Leadership is the Key to Becoming a Good Manager

December 14, 2016|

Presentation and collaboration by business peopleBy Bob Johnson

Recently I wrote a column with suggestions on becoming a better leader. This was asked of me by a bar manager who had been “thrown” into a management position because he was really good at what he was doing previously. It was “assumed” he must have the abilities to be a good manager because of his previous great work performance. In other words, he got promoted to his level of incompetence.

In the bar business I learned a long time ago that you have to have the horses to pull the wagon. No horses? You won’t go very far and you’ll end up hating your job. You’ve got to continually feed your horses and continually steer them in the right direction! They must be fed (or led?) into performing.

You’ve got to make your team like you and respect you. It’s not going to happen just because you wear a name tag that says manager.

Think about using some of these techniques I have used over the years. They work!

Never walk past or delay an action that needs immediate attention. If you do so you’re just saying to the world, “That’s not my problem.” In other words, “I know it’s wrong and I just approved it by doing nothing about it.” You can’t do that as a leader – ever!

Understand strengths and weaknesses. Every member of your staff has a bunch of each, including you.  Don’t ask someone to do something they’re not qualified for (or capable of) and expect positive results.

Know something about every one of your employees outside of work. Are they going to school? If so, what are they studying? What are their hobbies? Do they like to travel? Would they be interested in going into management one day?

It’s amazing how many outside-of-work skills can be used in your business.

I once hired a cocktail waitress who was studying music at a local university. I made her my entertainment director and she loved her second job. During a casual interview one of my employees mentioned how much he loved doing landscaping. Guess who improved the entranceway to our club? Your employees probably have an abundance of talents that can be used for the betterment of your business. Find out what they are. Use them. They’ll love you for it.

Value the little things. Enhance your team family capability by remembering everyone’s birthday! It’s simple to do, it works, and every member of your staff will appreciate being recognized by everyone else on their special day. Get a cake, or order a couple of pizzas, start a birthday pool where everyone chips in a couple of bucks and gives the cash to the birthday employee at the end of the night.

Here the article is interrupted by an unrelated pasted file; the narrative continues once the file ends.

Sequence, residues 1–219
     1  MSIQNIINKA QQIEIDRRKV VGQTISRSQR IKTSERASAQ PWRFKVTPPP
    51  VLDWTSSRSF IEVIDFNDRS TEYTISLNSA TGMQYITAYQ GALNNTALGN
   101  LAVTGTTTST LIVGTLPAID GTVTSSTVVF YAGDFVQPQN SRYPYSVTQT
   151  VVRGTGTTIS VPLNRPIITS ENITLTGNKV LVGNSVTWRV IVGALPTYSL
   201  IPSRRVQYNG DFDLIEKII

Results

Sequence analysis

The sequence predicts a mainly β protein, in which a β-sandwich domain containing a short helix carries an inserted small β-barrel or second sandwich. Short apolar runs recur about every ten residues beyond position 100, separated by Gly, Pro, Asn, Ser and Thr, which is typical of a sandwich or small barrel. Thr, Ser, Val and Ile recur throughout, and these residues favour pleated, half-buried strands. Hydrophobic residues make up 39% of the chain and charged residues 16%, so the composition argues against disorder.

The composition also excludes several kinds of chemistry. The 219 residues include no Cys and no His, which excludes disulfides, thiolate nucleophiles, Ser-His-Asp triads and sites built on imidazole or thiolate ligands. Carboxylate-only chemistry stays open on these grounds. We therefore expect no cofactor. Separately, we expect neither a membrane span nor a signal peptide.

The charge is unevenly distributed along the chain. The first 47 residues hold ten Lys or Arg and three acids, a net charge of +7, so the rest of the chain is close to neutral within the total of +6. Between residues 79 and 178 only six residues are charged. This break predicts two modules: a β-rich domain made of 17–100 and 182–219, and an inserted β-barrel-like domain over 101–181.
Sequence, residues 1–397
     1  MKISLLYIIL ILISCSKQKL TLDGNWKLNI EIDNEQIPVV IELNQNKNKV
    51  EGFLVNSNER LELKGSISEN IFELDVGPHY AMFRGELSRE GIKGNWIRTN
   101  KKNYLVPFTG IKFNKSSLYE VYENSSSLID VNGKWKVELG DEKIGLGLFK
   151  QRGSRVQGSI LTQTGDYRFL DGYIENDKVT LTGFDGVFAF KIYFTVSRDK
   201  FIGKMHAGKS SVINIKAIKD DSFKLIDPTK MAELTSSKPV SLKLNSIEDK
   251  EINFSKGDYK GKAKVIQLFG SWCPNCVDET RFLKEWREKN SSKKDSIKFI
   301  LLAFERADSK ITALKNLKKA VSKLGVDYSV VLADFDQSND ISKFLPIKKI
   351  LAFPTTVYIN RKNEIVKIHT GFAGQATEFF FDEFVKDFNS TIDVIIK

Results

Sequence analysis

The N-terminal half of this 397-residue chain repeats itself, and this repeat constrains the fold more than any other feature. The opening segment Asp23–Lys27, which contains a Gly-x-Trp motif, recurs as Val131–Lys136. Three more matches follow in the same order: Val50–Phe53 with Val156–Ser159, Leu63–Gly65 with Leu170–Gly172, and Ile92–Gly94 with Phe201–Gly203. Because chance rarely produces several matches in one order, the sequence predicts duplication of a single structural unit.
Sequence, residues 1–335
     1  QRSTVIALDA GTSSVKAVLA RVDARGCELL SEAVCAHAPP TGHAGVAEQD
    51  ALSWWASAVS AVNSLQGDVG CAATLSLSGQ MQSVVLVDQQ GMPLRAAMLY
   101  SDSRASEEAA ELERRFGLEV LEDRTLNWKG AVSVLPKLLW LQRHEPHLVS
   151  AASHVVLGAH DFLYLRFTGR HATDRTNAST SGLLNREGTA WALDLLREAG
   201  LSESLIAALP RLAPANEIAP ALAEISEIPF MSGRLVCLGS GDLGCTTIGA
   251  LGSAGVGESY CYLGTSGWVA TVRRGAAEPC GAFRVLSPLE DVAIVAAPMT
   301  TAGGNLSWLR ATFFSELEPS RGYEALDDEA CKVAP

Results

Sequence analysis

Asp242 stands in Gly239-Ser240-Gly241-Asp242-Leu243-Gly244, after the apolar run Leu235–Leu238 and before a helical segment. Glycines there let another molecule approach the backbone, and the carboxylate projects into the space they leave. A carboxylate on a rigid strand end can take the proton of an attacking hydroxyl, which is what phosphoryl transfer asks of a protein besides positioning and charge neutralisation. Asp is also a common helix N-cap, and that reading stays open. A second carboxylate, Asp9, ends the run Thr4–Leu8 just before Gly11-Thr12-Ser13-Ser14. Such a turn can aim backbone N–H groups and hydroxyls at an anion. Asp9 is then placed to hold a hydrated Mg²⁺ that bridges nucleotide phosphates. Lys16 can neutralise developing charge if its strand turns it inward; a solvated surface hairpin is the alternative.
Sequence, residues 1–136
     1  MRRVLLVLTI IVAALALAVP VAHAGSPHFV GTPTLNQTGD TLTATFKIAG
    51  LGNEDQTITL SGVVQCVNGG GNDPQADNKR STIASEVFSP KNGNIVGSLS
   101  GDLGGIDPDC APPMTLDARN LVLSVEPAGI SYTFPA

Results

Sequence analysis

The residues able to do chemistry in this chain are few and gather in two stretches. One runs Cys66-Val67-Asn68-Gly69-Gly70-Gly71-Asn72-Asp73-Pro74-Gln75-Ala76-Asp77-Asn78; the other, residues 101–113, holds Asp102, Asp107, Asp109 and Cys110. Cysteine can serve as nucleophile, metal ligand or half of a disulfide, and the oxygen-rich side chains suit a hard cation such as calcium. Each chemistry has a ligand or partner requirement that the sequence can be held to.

Look like a manager. Dress appropriately. Keep a change of clothes with you in case you have to get out of your suit or dress to do a dirty job!

You’ll never need a name tag that says manager if you always look poised and don’t over-react to anything! You must always stay calm, cool and collected under the most difficult situations!

Hide your tattoos and body piercings. No trendy haircuts. Stay clean shaven. Look like you’re in a position of importance. Ladies – don’t overdo the make-up or the jewelry. Avoid high heels and clothes that are uncomfortable to work in.

Always be early for work. Keep a list of things to do that you refer to everyday. Always be willing to stay late, if necessary. Lead!

Don’t play favorites, ever. You’ll lose respect.  One of the most demeaning acts a manager can commit is showing favoritism to less qualified staff. This takes the wind right out of your team family sail.

Display a great sense of humor. Make it a part of your personality. But know when, how and where to draw the line. Business always comes first.

Treat your employees better than you do your customers. Walt Disney said that. I’d say he was pretty successful in the hospitality field, wouldn’t you?

Make sure everyone is making money. Don’t kid yourself – no one in this business works for minimum wage. If they’re not making money, you need to find out why and then do something about it. Give them more training or split shifts more fairly so everyone has a chance to make money. Otherwise, they’ll find work elsewhere. The last thing you need is more turnover.

Bob Johnson has more than 50 years’ experience in the food and beverage industry. After years of running a successful bar management business in San Diego, he and his wife, Lisa, moved to North Augusta. In addition to authoring books on bar management, he also teaches a mobile bartending school, a bar management workshop and a bartending school for military veterans. Contact him at bobthebarguy.com or 800-447-4384.

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